The campus, 12,000 undergraduate students strong, often seems remote from the city I just described. Only 6% of BU students are drawn from its surrouding Broome County. The vast majority (60%) of BU’s students hail from the New York City metro area, a site of racialized economic tension with the rest of the state, evidenced by campaigns such as “Unshackle Upstate.” Indeed, Binghamton’s student body is more racially diverse than Binghamton the city (Vestal, where the university is located, is 88% white), and even though the relatively low-cost public university–approximately eight thousand dollars a year for in-state tuition– serves many first-generation college students, students with generous financial aid packages, and students employed while matriculating, the city’s poverty amplifies even slight class privilege.
These long-term structural fissures have led to tensions between the university students—whom some Binghamtonians problematically peg as wealthy outsiders and/or racially target—and full-time residents, dubbed “Townies” by many students and dehumanized as the backdrop to their college experience. While students and year-round residents inhabit the same physical spaces in Binghamton, they are not in fact living the same place and they often experience, interpret, and act on the same auditory information in drastically different ways. Binghamton sounds differently to each group, in terms of the impressions and interpretations of various auditory phenomena as well as the order of importance an individual gives to simultaneous sounds at any given moment.
Embodied aural perceptions shaped by class, race, age, and differing regional experience may in fact drive many of the “town and gown” conflicts—noise complaints most obviously—and exacerbate others, particularly mutually distorted perceptions that students bring Binghamton down and that residents are, as one student cruelly stated in the campus newspaper, “creatures” from “an endless horror movie.” So how to address this divide? And how to use sound studies to do it? I knew I did not want to impose a community project on my students that did not have their buy in and creative energy behind it. I decided on a group-sourcing project that asked students to work together to design a sound-studies based community project. I envisioned the assignment as the first phase of a longer-term project, with the most workable idea serving as the basis for a full-blown service learning experience in future courses. However, the assignment proved to be pedagogically valuable in its own right, not just as a prelude to future work.
I arranged my course around the proposal assignment, providing students with the critical thinking skills to imagine a project of this type. We began with theoretical and methodological materials that would introduce them to sound studies—none of my students were familiar with the field and its assumptions—and ground their thinking in the idea that listening is a complex sociocultural, political, and critical practice. While we read and discussed multitude of pieces on listening, the students reported four scholars as especially inspirational to the project: Yvon Bonenfant’s theorization of “queer listening” as a listening out (rather than the more normative taking in), Regina Bradley’s work on race and listening in American courtrooms that focused on how white lawyers discredit witnesses speaking patois and African American Vernacular English, Maile Costa Colbert’s artistic imagining of a “wayback sound machine,” and Emily Thompson’s work on noise and time/space/place, particularly in her new interactive “Roaring Twenties” project. Student Daniel Santos reported in a survey following the project,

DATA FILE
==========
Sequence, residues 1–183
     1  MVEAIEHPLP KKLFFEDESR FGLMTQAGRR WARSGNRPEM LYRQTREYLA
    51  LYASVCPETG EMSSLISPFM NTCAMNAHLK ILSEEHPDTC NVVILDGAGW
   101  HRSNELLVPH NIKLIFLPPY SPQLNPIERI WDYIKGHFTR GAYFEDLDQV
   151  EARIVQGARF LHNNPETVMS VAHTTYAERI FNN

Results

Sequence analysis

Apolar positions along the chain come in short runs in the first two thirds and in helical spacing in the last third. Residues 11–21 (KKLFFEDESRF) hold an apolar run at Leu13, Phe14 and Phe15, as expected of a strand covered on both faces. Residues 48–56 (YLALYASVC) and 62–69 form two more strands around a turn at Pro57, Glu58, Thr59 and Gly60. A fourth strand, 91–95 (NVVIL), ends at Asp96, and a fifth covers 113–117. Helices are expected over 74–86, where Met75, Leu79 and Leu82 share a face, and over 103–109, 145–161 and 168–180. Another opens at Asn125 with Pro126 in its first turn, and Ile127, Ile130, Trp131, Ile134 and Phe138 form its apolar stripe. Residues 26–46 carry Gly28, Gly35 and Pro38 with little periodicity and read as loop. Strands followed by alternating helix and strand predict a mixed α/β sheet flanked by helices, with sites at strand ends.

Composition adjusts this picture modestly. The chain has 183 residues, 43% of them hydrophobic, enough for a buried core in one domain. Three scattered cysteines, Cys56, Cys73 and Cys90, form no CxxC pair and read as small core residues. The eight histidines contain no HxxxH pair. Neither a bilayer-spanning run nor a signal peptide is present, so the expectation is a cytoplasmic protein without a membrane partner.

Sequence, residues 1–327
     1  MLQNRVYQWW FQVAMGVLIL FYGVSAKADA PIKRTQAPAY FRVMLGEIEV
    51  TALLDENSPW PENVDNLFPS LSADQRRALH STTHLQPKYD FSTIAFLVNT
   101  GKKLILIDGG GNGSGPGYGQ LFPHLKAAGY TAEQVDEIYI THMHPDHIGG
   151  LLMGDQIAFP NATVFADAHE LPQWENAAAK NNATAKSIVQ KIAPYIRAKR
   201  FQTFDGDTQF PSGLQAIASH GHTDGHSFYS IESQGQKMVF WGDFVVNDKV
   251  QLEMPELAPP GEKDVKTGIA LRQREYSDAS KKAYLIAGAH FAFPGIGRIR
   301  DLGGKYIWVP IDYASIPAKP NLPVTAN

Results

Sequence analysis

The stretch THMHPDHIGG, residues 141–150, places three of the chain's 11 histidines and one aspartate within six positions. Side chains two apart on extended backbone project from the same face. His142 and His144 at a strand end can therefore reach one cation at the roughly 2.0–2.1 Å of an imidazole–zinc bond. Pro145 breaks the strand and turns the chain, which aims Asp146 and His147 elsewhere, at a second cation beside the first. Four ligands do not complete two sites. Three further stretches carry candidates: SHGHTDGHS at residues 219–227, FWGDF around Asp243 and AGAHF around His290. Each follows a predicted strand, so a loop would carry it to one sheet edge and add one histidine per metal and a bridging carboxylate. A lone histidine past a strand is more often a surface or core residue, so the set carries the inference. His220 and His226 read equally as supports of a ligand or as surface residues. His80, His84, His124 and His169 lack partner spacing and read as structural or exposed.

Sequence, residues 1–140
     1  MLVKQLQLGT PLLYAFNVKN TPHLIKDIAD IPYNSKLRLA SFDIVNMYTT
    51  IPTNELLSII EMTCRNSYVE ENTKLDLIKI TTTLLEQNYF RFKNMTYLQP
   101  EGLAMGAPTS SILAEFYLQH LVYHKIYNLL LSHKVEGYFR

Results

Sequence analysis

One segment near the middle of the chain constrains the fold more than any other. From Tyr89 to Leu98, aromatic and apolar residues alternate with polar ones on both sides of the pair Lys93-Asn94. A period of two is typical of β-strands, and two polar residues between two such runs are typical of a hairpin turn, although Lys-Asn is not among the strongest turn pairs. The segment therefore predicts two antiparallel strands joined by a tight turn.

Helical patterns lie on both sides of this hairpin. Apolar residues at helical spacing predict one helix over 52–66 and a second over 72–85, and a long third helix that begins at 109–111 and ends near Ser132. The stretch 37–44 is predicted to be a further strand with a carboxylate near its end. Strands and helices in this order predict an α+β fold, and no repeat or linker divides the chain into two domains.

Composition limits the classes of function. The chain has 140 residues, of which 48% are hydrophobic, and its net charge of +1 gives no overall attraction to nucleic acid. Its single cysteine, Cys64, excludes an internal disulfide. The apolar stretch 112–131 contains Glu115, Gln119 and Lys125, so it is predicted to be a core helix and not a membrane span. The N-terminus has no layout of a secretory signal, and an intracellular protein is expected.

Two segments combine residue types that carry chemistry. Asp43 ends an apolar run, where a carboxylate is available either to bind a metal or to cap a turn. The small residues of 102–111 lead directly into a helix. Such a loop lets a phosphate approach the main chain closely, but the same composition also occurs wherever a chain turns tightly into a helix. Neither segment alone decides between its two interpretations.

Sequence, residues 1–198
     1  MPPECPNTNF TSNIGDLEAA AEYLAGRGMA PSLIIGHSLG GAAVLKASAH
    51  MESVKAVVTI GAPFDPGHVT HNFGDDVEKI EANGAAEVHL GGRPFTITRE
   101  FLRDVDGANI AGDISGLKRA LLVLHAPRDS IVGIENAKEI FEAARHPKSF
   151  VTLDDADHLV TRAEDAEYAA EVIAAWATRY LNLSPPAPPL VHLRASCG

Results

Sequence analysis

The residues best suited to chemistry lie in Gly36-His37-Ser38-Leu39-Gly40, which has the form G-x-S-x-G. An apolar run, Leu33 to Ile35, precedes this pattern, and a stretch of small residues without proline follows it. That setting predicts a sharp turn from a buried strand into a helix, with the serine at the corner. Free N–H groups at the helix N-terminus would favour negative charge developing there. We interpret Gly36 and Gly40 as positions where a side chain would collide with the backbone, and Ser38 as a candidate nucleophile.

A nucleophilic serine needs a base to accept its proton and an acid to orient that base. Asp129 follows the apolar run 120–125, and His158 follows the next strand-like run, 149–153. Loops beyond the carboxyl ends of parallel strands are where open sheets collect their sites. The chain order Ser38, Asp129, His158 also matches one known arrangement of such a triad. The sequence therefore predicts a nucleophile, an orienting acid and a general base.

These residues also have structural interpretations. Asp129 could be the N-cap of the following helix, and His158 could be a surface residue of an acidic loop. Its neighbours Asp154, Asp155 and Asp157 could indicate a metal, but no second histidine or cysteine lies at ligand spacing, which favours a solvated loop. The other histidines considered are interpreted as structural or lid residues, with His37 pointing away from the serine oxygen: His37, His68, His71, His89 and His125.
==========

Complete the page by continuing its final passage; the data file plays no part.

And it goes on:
The relationship between sound and time was very useful to our project; we understood the concept that no city ever sounds the same after a long period of time, and we sought to take advantage of this fact. Through our residents’ stories, we learned that Binghamton was once booming with sound from numerous, lucrative industries. Walking into a factory brought an industrial cacophony: card punchers thudded as steel was pounded against steel. However, today, a walk into these factories results in an eerie silence. We wanted our soundwalk participants to realize and become affected by this lack of and difference in sound, and raise pertinent questions: what happened to these sounds? Why is there such a large difference in sound levels? Where do I place myself within this soundscape?
I worked with Binghamton’s Center for Civic Engagement—a model program founded in 2010—and in particular with Assistant Director Christie Zwahlen, to equip students with basic-but-solid knowledge that would enable a new understanding of community work. Zwahlen brought home two major principles to students: 1) service learning has a pedagogical component; it is important to a project’s success that students learn something through their work rather than merely donating time or skills, 2) Community engagement works best when based on identifying and mobilizing a community’s assets rather than implementing an external project addressing perceived deficits. These two concepts meshed especially well with the students’ evolving understanding of listening as multifaceted, political, and deeply impacted by temporal and spatial contexts, because it required the students to engage directly with community members and learn how to listen to their voices, histories, and needs.
For both civic engagement and sound studies, Zwahlen and I introduced students to the various methods used to solve problems and answer our most important questions. For civic engagement, Christie focused on the asset map, which forced students to think of the surrounding community in terms of its strengths rather than the weaknesses they could already readily list. This exercise not only flipped their perspective but also helped them imagine and hone their project by identifying community stakeholders who would be receptive to their inquiries.